# Functional differentiation

### From HaskellWiki

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and the Haskell programmer writes | and the Haskell programmer writes | ||

<haskell> | <haskell> | ||

− | derive :: a -> (a -> a) -> (a -> a) | + | derive :: (Fractional a) => a -> (a -> a) -> (a -> a) |

derive h f x = (f (x+h) - f x) / h . | derive h f x = (f (x+h) - f x) / h . | ||

</haskell> | </haskell> | ||

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In Haskell <hask>derive h</hask> is called a higher order function for the same reason. | In Haskell <hask>derive h</hask> is called a higher order function for the same reason. | ||

<math> D </math> is in curried form. If it would be uncurried, you would write <math> D(f,x) </math>. | <math> D </math> is in curried form. If it would be uncurried, you would write <math> D(f,x) </math>. | ||

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== Blog Posts == | == Blog Posts == | ||

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* [http://hackage.haskell.org/package/fad Forward accumulation mode Automatic Differentiation] Hackage package | * [http://hackage.haskell.org/package/fad Forward accumulation mode Automatic Differentiation] Hackage package | ||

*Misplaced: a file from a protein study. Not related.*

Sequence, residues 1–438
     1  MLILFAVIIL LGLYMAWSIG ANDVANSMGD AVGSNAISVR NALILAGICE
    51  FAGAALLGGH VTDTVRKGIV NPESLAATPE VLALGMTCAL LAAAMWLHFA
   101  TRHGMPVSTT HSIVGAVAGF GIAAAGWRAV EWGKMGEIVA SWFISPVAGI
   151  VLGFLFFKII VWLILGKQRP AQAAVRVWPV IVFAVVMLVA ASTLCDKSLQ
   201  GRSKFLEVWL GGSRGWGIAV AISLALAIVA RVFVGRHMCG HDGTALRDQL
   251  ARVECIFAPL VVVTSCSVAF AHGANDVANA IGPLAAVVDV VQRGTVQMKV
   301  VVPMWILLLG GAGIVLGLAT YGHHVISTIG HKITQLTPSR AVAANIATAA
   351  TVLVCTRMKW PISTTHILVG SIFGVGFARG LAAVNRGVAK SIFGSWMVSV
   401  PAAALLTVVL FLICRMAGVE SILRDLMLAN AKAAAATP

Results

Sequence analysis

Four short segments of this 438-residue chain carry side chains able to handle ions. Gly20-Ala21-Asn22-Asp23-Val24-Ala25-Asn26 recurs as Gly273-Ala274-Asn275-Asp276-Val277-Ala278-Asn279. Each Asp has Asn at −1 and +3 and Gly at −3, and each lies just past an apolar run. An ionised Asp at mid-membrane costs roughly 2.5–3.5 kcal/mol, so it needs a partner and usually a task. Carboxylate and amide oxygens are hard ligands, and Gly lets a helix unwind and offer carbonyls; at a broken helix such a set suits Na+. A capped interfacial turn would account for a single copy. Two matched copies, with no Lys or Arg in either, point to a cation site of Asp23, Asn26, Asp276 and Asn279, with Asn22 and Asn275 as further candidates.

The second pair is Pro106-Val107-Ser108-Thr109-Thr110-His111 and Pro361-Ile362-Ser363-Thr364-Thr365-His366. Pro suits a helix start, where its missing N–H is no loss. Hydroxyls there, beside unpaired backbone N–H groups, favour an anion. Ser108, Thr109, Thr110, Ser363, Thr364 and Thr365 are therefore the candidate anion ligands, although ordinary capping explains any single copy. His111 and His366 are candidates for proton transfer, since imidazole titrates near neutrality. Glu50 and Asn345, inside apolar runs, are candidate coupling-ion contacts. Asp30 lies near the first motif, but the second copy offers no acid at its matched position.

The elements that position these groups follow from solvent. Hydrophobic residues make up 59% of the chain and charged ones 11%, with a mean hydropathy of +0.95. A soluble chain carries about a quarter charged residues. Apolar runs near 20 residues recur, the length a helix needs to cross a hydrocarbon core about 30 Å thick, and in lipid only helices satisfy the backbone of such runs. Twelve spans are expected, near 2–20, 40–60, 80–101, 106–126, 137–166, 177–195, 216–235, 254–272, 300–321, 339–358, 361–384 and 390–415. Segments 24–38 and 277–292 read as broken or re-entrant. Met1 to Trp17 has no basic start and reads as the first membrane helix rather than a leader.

+ | * [http://hackage.haskell.org/package/vector-space Vector-space package], including derivatives as linear transformations satisfying chain rule. | ||

[[Category:Mathematics]] | [[Category:Mathematics]] |

## Latest revision as of 08:32, 19 December 2010

## Contents |

## [edit] 1 Introduction

Functional differentiation means computing or approximating the derivative of a function. There are several ways to do this:

- Approximate the derivative
*f*'(*x*) by where*h*is close to zero. (or at best the square root of the machine precision . - Compute the derivative of
*f*symbolically. This approach is particularly interesting for Haskell.

## [edit] 2 Functional analysis

If you want to explain the terms Higher order function and Currying to mathematicians, this is certainly a good example. The mathematician writes

and the Haskell programmer writes

derive :: (Fractional a) => a -> (a -> a) -> (a -> a) derive h f x = (f (x+h) - f x) / h .

derive h

*D*.

In functional analysis *D* is called a (linear) function operator, because it maps functions to functions.

derive h

*D* is in curried form. If it would be uncurried, you would write *D*(*f*,*x*).

## [edit] 3 Blog Posts

There have been several blog posts on this recently. I think we should gather the information together and make a nice wiki article on it here. For now, here are links to articles on the topic.

- Overloading Haskell numbers, part 2, Forward Automatic Differentiation.
- Non-standard analysis, automatic differentiation, Haskell, and other stories.
- Automatic Differentiation
- Some Playing with Derivatives
- Beautiful differentiation by Conal Elliott. The paper itself and link to video of ICFP talk on the subject are available from his site.

## [edit] 4 Code

- Forward accumulation mode Automatic Differentiation Hackage package
- Vector-space package, including derivatives as linear transformations satisfying chain rule.